It wasn’t so much the lasers that freaked me out. It was the cutting bit. Paper cuts give me a bad case of the heebie jeebies. So voluntarily having my eyes fileted took me a very long time to work up to, even for the sake of better vision. Just like in high school, I easily succumb to peer pressure, so when all of my coworkers decided to get Lasik I jumped on the band wagon. Plus – group discount-uh. I had no idea how much it would cost, and I’ve been long convinced that my eyes are super special and it was probably going to cost at least $4000; or they would tell me my eyes were so bad that I should give up all hope of ever seeing and I’d be completely blind by the age of 40. Turns out – no. It was actually cheaper than buying a flight home, and my eyes suck(ed), but they really aren’t that special.
I’ve worn glasses since I was 8 and contacts for the past 20 years. When I played the “how bad is your eyesight?” game with strangers, I ALWAYS won. During the initial screenings, they asked me to read the eye chart off a monitor. All I could see was a white glow. The tech told me to step closer. Still, nothing. Closer… Closer… I was standing on top of the monitor with my nose up to the glass. The tech looked up from her clipboard and told me to come back to the starting point. She held up her hand and asked me, “How many fingers?” Yeah. Count the fingers. I WIN.
I needed some time to mentally and financially prepare for the procedure. I gave myself about 7 weeks. I had to wear my glasses the week preceding the surgery which was totally annoying and I was psyched to say goodbye to them. It is VERY difficult and painful to apply mascara without being able to see where your eyes are on your face.
I felt like a rock star at the clinic. My entourage (Jamie and Emmet) were also well treated. We got to sit in massage chairs, and there was cake and tea. The techs helped me put on a gown and hair net, and then we posed for pre-op pictures. A super sweet assistant put her arm around my shoulders and led me to the entrance of the operating room. The air shower kind of reminded me of that year I went spray tanning all of the time. The most complicated part of everything was that I had to keep taking slippers on and off and I’m just not that smooth. I lay back on the table and they positioned my head into a support. Then it was kind of a whirl of activity all around. It felt like there were 3 or 4 more people in the room. They put a blanket on my legs, and then the doctor was there over my head. He kept telling me to” relax, relax,” in a soothing voice. The BEST part, a nurse sat by my side and held my hands tight during the whole procedure. AMAZING. I would not want to have that job, but I think she’s a hero for doing it, and I hope she gets paid a lot, because she deserves every penny.
I could see a red light glowing above me. They gave me some numbing drops and I panicked that they wouldn’t work on my special eyes, but they did. The doctor used a clamp to keep my eyelid open and I couldn’t feel it at all. He placed the cutting device over my eye, and told me to expect some pressure, but “relax, relax.” It’s like suction cup and then a kind of mechanical whirring noise. Everything goes black for a moment and I felt freaked out that I couldn’t see, but the doctor kept saying “relax, relax,” and the nurse squeezed my hands a little tighter. A few deep breaths and I could see the red light had turned green. It was time to zap my eyes! The doctor counted down for me as he ran the laser. I had 20 seconds to go. Then 10, then 5. At the 10 second mark, it did start to smell like the first time you turn a heater on in the winter, but it wasn’t the grotesque flesh burning smell I’d heard stories about. He rinsed my eye with some solution and put what felt like a GIANT plastic lens in for protection.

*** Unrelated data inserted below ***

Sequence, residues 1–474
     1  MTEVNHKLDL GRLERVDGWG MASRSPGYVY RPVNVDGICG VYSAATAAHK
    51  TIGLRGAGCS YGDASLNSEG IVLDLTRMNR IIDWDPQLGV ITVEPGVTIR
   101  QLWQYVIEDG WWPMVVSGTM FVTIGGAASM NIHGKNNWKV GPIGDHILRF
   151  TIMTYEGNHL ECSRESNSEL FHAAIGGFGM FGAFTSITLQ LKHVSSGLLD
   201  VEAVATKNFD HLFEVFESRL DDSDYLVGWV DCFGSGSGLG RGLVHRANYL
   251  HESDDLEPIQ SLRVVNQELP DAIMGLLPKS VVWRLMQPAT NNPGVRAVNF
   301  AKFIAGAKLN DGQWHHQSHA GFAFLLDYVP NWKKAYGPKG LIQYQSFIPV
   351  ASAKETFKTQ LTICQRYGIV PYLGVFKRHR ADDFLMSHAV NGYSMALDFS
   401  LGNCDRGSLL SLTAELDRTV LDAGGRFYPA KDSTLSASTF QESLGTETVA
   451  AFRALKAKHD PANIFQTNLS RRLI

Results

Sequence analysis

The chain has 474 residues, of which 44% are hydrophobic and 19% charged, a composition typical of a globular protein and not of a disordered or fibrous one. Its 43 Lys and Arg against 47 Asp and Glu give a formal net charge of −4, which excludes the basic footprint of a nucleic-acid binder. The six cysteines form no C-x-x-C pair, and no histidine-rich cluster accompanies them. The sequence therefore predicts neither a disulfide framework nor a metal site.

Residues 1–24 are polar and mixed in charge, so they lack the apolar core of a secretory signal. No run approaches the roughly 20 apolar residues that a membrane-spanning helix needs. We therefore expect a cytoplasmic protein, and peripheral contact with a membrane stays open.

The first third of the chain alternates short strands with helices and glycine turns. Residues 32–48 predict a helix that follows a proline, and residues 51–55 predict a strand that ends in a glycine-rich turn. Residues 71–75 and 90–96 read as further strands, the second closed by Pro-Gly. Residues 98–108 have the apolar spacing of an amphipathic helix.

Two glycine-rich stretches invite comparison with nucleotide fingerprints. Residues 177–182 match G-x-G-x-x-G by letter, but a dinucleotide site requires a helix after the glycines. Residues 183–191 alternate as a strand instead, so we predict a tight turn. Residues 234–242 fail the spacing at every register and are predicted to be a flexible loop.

They flipped over the drape and finished with the left eye. 20 seconds, 10, 5, FINISHED! They sat me up and asked if I could see, and holy freaking goodness, I COULD SEE! I got to go back to the massage room and had my cake. There was kind of a gross looking hematoma on my left eye, but I later told students that I was in a fight and they fell for it. I still couldn’t feel anything because of the numbing drops, but they started to wear off as we left the clinic.
We went downstairs to the pharmacy to pick up my prescriptions and by that point my eyes were starting to feel uncomfortable and super itchy. I don’t understand why that pharmacy has so many lights. It’s the brightest freaking place in all of Korea, and the government should come inspect them for wasting so much electricity. It’s like being on the surface of the sun in there. And there were some giant Europeans who were also picking up post Lasik eye drops, and they were taking FOREVER and asking a million stupid pointless questions, I’m sure. They were super tall and super stupid. I just wanted to close my eyes and curl up in a ball. I was in full on pain rage but tried my best not to take it out on anyone. So instead, I sucked it up and bought a box of Pororo band aids.
The boys grabbed us a taxi. When I got back home, I took some ibuprofen, and pulled the blankets over my face. I wished I could actually take my eyes out of my head they were so uncomfortable. It was like the feeling you get when you accidentally put your lenses in backwards and you feel like your eye is on fire. I fell asleep and dozed for a few hours. When I woke up, the sun had gone down. It felt so much better after just a few hours of sleep. I made some ramyun and downloaded some podcasts. That wasn’t in my post op instructions, but it seemed like the right thing to do. When I woke up in the morning, I felt fine. My eyes were dry, but they didn’t hurt at all anymore.